Our dollar, against the $US, lost a little ground. There is speculation that China may ‘do something’ about the price of iron after it reached $233 a tonne. It was less than half of that just a year ago. Since the $A is widely thought to be a commodity currency, its plight might worsen if, indeed, commodity prices push back. However, in the opposite direction, lax monetary policy in the US might send our dollar higher. Currency forecasting is very difficult at best – and even harder right now. 

Regional Review

The unemployment rate fell again for April (the latest data) to 5.5% but 30,600 jobs were lost when +15,000 were expected. The numbers do bounce around quite a lot so we are not immediately perturbed by this outcome.

The Westpac and NAB confidence indexes all performed well indicating that the nation is quite comfortable with the way the pandemic and the economy are being managed.

The vaccination rate is certainly too low but there is currently little danger to our population as there is limited opportunity for locals to be infected from outside the country.

Morrison has ordered 25 million Moderna shots (which is based on the same technology as the Pfizer vaccine). He has also said that the over 50s who are hesitant about getting the AstraZeneca shot will be able to get Pfizer from October.

The fresh outbreak in Melbourne was met with a swift seven-day lockdown. This outcome might be frustrating for many but the alternative seems a lot worse. We suspect there will be occasional such responses around the country over at least the remained of 2021. Regular international travel seems unlikely before the middle of next year.

China’s retail sales missed expectations at 17.7% (24% was expected) but when big numbers are expected – because of the influence of lock-downs a year ago – the margin of error has to be given more latitude. The industrial output and fixed asset investment accorded with expectations at about 10%.
The China manufacturing PMI came in at 51.0 against an expected 51.1; the services index variant came in at 55.2 against an expected 54.9. Both statistics confirm that the Chinese economy continues to flourish.

President Biden seems to be in control of the vaccination programme and he is certainly pushing hard for fiscal stimulus. There is some concern that he is pushing too hard on that front and problems may occur further down the line. Wanting to run the budget deficit at one trillion dollars a year for the next decade does seem a little excessive.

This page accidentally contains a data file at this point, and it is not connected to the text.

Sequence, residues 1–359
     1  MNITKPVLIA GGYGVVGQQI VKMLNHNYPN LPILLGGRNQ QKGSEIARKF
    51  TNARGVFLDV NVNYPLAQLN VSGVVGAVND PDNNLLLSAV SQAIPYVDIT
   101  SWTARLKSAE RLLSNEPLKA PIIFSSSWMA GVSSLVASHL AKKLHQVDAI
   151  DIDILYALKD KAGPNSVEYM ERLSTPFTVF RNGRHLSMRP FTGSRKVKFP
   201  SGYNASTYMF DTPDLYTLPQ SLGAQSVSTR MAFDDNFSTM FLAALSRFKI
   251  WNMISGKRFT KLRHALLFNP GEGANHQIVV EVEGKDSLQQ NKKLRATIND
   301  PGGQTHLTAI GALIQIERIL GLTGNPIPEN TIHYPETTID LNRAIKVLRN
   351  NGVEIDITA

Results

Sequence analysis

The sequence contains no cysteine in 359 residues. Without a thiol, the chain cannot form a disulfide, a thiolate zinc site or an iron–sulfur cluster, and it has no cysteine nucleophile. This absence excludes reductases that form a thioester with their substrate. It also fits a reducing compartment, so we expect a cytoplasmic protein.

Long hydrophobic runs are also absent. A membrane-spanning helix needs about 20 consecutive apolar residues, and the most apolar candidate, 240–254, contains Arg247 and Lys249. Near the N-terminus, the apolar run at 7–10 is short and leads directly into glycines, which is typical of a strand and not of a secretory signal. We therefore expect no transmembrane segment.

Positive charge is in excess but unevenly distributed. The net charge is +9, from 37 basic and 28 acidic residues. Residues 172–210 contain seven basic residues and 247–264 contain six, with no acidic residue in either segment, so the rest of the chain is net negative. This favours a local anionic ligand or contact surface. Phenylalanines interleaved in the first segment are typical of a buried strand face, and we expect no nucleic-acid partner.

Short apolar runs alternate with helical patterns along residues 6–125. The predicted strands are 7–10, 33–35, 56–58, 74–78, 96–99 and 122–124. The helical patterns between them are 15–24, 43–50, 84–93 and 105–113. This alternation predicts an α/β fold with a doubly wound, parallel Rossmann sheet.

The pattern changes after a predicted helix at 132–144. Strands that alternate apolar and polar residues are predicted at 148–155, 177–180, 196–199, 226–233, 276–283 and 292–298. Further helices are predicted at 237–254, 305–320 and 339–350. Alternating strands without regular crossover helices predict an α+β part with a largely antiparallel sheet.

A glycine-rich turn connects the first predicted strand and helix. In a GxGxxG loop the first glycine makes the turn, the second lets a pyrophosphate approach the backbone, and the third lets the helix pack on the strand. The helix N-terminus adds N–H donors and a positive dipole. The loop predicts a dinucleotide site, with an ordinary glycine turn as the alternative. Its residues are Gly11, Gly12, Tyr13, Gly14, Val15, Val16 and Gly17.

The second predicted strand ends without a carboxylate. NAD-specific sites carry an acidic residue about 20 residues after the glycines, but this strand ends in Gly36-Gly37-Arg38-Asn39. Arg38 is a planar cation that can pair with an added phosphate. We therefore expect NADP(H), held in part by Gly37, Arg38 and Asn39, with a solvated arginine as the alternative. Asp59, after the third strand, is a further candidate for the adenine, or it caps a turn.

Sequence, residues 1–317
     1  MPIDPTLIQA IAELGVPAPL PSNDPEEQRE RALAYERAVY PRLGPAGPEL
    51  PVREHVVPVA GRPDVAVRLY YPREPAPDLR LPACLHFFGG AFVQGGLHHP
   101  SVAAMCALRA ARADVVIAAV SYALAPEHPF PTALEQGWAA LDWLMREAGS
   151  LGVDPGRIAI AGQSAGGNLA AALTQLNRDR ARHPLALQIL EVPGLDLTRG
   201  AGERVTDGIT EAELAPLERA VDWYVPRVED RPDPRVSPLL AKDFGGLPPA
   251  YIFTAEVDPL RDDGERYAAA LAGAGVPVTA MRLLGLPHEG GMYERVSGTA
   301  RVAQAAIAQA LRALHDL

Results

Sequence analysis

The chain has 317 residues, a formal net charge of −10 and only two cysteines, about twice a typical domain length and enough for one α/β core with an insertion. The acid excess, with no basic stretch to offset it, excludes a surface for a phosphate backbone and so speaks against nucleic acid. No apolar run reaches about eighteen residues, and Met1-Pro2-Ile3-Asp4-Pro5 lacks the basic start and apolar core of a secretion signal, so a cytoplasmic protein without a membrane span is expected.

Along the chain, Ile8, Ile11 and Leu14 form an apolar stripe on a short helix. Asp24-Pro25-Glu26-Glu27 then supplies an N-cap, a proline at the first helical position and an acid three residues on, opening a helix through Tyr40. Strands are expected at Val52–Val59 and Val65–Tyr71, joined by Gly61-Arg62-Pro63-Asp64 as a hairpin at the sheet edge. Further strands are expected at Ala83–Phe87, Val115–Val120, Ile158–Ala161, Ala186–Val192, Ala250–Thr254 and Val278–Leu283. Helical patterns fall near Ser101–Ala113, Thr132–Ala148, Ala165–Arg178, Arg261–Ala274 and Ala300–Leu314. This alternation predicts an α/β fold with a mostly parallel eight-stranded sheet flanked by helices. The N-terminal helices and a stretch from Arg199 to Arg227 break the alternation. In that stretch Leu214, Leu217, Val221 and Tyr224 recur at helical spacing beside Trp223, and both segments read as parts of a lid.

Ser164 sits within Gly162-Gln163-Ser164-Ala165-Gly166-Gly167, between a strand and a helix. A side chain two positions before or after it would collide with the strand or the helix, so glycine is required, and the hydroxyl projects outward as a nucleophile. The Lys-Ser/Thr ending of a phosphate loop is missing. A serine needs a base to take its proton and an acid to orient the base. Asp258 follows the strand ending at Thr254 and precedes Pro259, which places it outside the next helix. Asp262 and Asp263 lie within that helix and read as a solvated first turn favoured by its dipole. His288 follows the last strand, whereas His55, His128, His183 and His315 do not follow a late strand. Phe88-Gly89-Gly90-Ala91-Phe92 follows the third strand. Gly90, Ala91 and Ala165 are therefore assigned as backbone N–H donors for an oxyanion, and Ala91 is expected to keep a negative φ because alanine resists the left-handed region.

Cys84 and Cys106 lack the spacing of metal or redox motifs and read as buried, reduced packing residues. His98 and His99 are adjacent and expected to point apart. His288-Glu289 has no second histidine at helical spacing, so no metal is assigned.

The $6 trillion budget he handed down at the end of May actually included the previously announced American Jobs Plan and the American Families plan (totalling about $4 trillion but is still under negotiation). Only $300 billion of the new part of the $6 trillion is proposed to be spent this year!
The jobs data, which were a big miss for April were even worse than the headline when the revision to the previous month is taken into account. The March data were revised down from 916,000 to 770,000 while the latest month was a mere 266,000 – a number that would not have been unreasonable in a pre-COVID month.
There are many reports of certain types of workers being hard to find and/or attract. Childcare problems and possible exposure to COVID in customer-facing jobs might be worrying some potential workers from returning to jobs.

While these job-matching problems might have caused – or be causing – localised wage hikes, we do not think the effect will be strong enough to pass through into significant consumer price hikes – hence inflation and rate hikes may be avoided.

Europe continues to struggle with the economy and the pandemic. Internal politics in Britain are undermining Boris Johnson’s handling of the pandemic at its start. Whether he is guilty of ineptitude or incompetence or not, decent sized crowds were allowed back into English Premier League football matches and other big sporting events. They even staged a ‘rave’ for 3,000 kids in Liverpool under strict controls but so far there is no reported major downside from these crowds.

Rest of the World
India continues to struggle with COVID, though its daily infection rate had declined from recent record highs, but major nations are offering help in medical supplies and vaccine supplies.

Japan is running down to the wire over the Olympics. There are still lock-downs in the country and the majority of the residents do not want the games to go ahead.